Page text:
Viewers of next year's Eurovision will see Liverpool "coming alive", the BBC director general said as he visited the city to begin preparations.
Tim Davie visited the venue for Eurovision 2023, the ACC Liverpool, on Friday - a week after the city was confirmed as the host.
Asked about plans for the event, he told the PA news agency: "I'm not going to give you too much because we've got a bit of work to do, but I think what you'll see is a couple of things, one is the city itself coming alive.
"This isn't just about one event, of course we've got the semi-finals and all the things that are going on around it, but I think you'll see a city come to life which is really inspiring.
"I think you'll see a kind of festival atmosphere across the period.
"In the show itself it is a bit early and I'm not going to give away anything that we're cooking up.
"One thing I would say is we're doing this on behalf of Ukraine so it will absolutely be a programme and a show and a whole host of events where Ukraine and Liverpool are really in this together."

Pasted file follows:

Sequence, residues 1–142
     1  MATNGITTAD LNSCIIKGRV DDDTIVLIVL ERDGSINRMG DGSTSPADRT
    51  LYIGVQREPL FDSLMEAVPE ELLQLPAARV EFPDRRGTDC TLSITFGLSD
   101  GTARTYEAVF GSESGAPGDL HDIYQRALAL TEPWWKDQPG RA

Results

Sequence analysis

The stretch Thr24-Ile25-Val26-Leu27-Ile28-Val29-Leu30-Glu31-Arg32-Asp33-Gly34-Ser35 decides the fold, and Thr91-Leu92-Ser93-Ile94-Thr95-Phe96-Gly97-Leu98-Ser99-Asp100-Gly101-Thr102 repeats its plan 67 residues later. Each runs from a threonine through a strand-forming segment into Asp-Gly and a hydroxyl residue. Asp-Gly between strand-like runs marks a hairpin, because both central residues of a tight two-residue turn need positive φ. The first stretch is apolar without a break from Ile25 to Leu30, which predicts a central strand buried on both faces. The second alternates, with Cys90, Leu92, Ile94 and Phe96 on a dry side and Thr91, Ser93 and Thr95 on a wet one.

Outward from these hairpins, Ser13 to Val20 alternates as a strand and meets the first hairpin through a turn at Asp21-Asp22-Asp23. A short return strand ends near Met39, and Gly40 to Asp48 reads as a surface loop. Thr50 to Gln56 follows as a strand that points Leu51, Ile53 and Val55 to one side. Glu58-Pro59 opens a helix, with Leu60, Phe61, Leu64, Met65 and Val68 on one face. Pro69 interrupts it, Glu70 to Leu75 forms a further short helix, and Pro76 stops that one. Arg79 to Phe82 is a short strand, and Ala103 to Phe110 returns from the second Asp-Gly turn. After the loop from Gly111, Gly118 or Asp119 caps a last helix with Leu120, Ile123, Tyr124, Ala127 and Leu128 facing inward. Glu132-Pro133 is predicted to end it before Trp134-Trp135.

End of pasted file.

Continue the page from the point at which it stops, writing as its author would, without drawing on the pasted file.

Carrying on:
Mr Davie and Kate Phillips, director of unscripted for the BBC, met those behind the city's winning bid, including Mayor of Liverpool Joanne Anderson and the city region metro mayor Steve Rotheram, at the 11,000-capacity arena which will be home to the show.
The director general said: "You meet people here and they're fiercely proud of the win.
"I think more than anything they want to put on a world-class event and bring more people close to Liverpool but also, for everyone in this region, to give them the party of their lives and then show that to millions, tens of millions of people across the world."
He said Liverpool scored well in several areas when deciding where to hold the contest, which was won by Ukraine last year but will not be hosted there due to the Russian invasion.
"When you look at a bid you look across is the venue perfect, has the city got real commitment, has it got the legacy events in place, school programmes, all the things that go around a winning bid, and has it got fantastic people," he said.
"I think that was all there for Liverpool.
"The other thing was there's a soul to this place isn't there, a warmth, a history, which I think also counts."
He said final budgets for the contest were being "worked on", but it would bring money into the city.
He added: "I think this is going to be really good value for money."
Source: Press Association